Barry Bonds' personal trainer has joined
two other defendants in the BALCO steroids case and withdrawn his
motion to suppress evidence gathered in the investigation.
Greg Anderson withdrew his motion on Monday, the day before the
evidentiary hearing had been scheduled, said Luke Macaulay, a
spokesman for the U.S. Attorney's office in San Francisco.
Macauley told ESPN.com's Tom Farrey that Anderson did not receive a plea deal so he is still a defendant in the case, along with BALCO founder Victor Conte and vice president James Valente.
Attempts to reach Anderson's attorney by ESPN.com were unsuccessful.
Conte and Valente dropped their challenge last Friday. The
defendants had been contesting the legality of the police raid of
the Bay Area Laboratory Co-Operative and Anderson's house, both in
Federal agents stated in court records that they seized
calendars and other documents detailing the use of steroids by
professional baseball players during the search of Anderson's home.
A federal agent wrote in court papers that, during the raid at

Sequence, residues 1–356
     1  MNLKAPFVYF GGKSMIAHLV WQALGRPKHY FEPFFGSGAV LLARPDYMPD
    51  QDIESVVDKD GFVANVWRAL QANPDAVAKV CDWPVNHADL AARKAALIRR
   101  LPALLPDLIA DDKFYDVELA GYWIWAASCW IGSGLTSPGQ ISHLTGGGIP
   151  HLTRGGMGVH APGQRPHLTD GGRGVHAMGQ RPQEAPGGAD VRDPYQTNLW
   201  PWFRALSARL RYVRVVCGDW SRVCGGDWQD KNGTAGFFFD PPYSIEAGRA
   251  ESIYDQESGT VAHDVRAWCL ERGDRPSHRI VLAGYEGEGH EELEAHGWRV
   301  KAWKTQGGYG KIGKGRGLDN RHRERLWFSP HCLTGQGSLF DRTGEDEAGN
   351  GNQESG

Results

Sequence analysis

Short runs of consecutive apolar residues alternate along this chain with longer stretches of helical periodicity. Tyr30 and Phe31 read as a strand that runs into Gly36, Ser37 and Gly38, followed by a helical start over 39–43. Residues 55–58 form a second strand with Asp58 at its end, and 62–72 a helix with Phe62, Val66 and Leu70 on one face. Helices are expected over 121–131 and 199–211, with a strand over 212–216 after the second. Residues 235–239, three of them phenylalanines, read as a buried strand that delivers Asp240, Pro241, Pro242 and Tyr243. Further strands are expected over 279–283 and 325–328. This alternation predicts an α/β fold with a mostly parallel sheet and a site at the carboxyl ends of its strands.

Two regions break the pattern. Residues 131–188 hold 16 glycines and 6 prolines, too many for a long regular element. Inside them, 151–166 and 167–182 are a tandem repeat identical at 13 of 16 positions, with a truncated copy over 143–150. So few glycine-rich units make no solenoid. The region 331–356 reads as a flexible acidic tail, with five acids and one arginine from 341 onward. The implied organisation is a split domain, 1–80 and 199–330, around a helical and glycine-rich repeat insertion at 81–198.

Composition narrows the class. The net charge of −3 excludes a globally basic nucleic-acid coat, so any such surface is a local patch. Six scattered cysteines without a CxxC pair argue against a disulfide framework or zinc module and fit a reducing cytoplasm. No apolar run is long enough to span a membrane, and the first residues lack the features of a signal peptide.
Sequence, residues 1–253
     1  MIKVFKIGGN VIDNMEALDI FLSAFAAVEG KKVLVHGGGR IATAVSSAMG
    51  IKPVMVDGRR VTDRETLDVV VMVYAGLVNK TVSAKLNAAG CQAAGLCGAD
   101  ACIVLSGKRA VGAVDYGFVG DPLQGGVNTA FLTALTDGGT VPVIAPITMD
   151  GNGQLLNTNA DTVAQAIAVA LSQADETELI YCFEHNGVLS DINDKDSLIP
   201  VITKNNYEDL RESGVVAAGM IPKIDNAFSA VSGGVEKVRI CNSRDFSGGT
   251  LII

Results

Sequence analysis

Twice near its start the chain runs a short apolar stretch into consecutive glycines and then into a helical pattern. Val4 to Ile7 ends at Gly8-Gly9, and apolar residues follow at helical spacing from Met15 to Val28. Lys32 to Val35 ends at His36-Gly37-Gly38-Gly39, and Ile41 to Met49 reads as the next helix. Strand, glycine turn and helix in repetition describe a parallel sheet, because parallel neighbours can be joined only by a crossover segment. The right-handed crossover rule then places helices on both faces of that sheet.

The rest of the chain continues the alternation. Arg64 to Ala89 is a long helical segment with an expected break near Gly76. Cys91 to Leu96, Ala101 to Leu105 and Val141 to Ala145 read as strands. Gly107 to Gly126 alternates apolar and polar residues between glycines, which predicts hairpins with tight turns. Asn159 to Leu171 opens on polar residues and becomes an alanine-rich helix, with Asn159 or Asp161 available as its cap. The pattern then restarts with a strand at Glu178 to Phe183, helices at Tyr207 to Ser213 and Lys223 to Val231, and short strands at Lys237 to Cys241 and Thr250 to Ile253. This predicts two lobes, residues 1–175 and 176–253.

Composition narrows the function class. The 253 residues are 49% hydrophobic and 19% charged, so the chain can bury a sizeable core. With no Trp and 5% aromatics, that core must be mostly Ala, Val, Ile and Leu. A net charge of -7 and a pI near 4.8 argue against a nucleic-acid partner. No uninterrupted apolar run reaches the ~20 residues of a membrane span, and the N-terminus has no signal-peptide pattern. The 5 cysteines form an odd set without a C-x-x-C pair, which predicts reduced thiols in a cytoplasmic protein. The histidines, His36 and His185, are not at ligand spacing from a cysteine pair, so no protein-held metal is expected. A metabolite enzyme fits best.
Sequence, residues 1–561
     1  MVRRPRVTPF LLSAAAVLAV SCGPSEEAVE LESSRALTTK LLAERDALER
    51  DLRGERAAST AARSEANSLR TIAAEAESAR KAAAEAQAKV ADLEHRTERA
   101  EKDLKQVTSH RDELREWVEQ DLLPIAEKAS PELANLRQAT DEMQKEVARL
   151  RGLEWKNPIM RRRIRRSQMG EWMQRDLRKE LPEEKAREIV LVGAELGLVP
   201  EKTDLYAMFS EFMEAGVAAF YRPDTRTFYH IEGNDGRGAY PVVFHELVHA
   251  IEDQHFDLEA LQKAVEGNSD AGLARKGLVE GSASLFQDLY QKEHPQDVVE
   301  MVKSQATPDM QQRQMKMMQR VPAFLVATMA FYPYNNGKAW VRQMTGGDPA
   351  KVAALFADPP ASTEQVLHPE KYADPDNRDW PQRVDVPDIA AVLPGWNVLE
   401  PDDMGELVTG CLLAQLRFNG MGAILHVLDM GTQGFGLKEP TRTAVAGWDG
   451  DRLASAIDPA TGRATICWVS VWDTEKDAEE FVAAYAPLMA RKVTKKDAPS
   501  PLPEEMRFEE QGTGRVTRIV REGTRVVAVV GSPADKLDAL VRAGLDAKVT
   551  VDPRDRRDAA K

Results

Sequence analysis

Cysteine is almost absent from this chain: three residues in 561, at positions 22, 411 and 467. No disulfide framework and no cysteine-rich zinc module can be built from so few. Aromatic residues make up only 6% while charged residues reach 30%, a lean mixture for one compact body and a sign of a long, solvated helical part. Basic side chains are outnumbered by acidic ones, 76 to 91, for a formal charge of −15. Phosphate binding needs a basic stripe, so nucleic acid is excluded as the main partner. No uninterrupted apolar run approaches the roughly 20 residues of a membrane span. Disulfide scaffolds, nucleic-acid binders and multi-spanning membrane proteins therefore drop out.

BALCO headquarters, "Conte openly acknowledged giving
testosterone-based cream, itself a steroid, to numerous
The fourth defendant in the case, track coach Remi Korchemny,
was contesting the searches. Trial for all four is tentatively set
for Sept. 6.
In a related matter, sprinter Tim Montgomery arrived in San
Francisco on Monday for the start of his arbitration hearing
challenging a potential lifetime ban that the U.S. Anti-Doping
Agency recommended for his alleged use of banned substances.
Montgomery, who set the 100-meter world record in 2002, has
never tested positive for a banned substance. Still, USADA is
seeking to ban him from competition based on secret documents the
U.S. Senate obtained last year from the BALCO investigation and
then forwarded to the doping agency.
Montgomery is challenging USADA's recommendation before the
Court of Arbitration for Sport during a closed-door hearing in a
San Francisco office building that is expected to last several
Information from The Associated Press was used in this report.